Why so? It's all about framing a scene. Battles are largely battles of numbers, with lots of the action being abstracted until after the dice are rolled and the numbers accounted for. "Exhaustion" from a bar fight might easily be described as mental stress from concentrating on landing punches and avoiding hitting allies; thus, throwing a good punch or firing a straight shot could bolster one's confidence and recover that strain.
On the other side of the coin, if the GM wants to frame a scene wherein the players are tired from an extended trek out into a blasting desert or steaming jungle, he could simply state that the player's strain thresholds are lowered until they drink some water and get some rest. Doing the same thing during a battle might make sense if the players haven't slept in a long time or if they're tired from a long run, but on the regular it doesn't serve the narrative to just arbitrarily say "you can't recover strain from rolling well" without some kind of justification for that.
Strain is highly abstract, much more so than wounds. As such, strain is best used as a means of adding tangible flavor to different scenes by quantifying effects that otherwise don't fit easily into the rules (inclement weather, fear, lack of sleep, etc). It's not perfect, and it doesn't always immediately make sense, but with a little creativity and 3-dimensional thinking it shouldn't be that much of a problem, IMHO.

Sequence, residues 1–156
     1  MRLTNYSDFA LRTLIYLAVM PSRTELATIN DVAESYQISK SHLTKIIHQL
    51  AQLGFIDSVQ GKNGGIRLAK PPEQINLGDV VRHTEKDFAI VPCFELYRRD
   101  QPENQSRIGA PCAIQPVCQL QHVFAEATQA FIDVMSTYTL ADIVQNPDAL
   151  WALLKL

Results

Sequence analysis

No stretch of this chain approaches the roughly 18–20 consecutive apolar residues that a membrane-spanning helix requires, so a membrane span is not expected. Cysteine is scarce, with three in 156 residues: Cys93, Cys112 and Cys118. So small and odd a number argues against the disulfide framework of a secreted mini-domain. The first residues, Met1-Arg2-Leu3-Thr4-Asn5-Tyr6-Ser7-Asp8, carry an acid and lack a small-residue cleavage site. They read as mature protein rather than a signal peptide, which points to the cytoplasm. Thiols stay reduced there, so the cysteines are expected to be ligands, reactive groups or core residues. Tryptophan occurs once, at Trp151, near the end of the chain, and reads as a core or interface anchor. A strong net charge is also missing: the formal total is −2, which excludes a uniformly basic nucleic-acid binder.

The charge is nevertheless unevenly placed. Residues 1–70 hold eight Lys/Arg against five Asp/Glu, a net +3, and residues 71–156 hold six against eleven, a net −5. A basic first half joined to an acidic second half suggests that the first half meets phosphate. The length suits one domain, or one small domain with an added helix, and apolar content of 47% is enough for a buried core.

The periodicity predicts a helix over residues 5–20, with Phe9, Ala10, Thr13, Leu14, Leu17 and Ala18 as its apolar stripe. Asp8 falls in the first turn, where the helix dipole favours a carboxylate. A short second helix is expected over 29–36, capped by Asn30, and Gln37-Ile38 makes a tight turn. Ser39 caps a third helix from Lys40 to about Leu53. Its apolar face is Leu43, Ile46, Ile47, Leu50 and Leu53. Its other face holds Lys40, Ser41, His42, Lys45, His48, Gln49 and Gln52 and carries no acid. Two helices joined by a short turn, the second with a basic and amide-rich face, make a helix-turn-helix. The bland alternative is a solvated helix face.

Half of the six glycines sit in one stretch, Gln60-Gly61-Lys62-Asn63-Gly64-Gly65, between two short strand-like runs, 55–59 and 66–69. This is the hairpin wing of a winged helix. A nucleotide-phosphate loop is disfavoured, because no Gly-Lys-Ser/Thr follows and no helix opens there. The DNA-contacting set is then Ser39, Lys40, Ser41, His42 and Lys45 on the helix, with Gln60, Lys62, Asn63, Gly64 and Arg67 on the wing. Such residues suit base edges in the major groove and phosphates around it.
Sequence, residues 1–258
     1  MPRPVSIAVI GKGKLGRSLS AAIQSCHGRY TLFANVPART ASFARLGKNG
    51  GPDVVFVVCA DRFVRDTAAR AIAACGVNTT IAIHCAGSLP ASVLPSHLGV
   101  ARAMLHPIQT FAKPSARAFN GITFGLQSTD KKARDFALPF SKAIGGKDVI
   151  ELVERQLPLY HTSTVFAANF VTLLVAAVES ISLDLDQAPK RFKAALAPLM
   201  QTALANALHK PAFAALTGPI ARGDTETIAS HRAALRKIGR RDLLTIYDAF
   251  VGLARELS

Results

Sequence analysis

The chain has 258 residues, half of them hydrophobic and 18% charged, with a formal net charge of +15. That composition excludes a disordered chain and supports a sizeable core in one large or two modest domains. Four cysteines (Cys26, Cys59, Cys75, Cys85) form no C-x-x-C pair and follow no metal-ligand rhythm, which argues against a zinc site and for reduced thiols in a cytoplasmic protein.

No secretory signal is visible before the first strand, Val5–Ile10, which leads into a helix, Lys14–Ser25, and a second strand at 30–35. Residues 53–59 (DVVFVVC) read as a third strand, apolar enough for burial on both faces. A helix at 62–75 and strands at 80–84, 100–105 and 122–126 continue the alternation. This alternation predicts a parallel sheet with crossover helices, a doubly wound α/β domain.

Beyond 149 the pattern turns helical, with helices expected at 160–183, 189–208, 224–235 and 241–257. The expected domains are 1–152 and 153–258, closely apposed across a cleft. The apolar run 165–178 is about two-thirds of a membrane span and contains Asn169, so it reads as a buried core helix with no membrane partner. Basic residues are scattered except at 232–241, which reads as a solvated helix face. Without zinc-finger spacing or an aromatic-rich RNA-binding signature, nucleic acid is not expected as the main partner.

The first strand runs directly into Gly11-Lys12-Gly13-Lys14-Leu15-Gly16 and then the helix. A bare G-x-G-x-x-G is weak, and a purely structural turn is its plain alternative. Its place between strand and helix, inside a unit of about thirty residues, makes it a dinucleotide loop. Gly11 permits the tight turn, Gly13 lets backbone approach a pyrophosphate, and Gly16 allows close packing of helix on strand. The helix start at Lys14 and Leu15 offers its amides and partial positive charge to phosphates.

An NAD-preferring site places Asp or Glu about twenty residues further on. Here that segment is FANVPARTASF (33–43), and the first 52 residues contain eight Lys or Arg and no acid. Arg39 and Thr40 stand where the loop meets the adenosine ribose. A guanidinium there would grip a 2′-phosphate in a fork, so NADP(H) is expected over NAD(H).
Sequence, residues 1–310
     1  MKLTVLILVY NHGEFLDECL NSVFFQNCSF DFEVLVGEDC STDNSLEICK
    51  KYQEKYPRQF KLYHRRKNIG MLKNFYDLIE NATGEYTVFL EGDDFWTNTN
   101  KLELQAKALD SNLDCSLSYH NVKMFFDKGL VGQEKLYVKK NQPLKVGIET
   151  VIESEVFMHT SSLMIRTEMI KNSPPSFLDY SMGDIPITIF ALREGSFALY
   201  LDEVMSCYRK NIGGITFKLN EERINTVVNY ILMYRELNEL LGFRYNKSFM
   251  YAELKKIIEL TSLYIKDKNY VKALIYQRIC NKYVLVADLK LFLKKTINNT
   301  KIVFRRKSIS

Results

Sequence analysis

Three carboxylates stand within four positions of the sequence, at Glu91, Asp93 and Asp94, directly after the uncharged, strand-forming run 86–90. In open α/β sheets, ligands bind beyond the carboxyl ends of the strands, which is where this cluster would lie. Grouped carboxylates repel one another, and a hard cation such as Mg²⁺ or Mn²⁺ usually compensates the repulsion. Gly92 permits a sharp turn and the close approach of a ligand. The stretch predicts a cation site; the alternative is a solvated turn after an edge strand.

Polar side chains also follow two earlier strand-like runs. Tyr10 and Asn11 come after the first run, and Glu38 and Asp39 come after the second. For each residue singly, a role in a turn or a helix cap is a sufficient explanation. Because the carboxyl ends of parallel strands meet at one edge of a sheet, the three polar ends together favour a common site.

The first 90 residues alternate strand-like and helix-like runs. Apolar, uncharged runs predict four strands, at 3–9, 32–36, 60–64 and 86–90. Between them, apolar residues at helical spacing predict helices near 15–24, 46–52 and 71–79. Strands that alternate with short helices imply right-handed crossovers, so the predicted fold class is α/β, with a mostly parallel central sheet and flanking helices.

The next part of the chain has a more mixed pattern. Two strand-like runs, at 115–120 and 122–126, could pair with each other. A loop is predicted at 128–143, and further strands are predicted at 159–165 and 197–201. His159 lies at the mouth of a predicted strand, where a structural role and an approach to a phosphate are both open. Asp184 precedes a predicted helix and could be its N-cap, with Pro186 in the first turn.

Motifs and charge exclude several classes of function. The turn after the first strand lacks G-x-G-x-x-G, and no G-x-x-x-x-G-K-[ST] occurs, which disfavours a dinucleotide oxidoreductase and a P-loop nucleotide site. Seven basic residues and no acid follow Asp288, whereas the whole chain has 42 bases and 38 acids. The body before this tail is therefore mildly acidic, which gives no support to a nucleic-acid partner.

Your idea of mental stress from concentrating on fighting is nonsensical. It is an utterly bizarre concept divorced completely from reality.
The example ways of recovering strain are... resting, relaxing and eating. None of these have any parallel with shooting people in the face or having a light saber duel.
The recover strain on advantage mechanic stinks a little of something that got tacked on as it doesn't really match the rest of the book and how it describes what strain is. It certainly doesn't play out well by rewarding shooting a minion over a nemesis to recoup your strain and ends up feeling like many of the very worst video game fights where infinite minions spawn so the player can beat them up to recover their health.
It certainly feels dumb to recover from shock gloves or pushing yourself with extra maneuvers by spending your time using those maneuvers to take the most exhausting actions possible.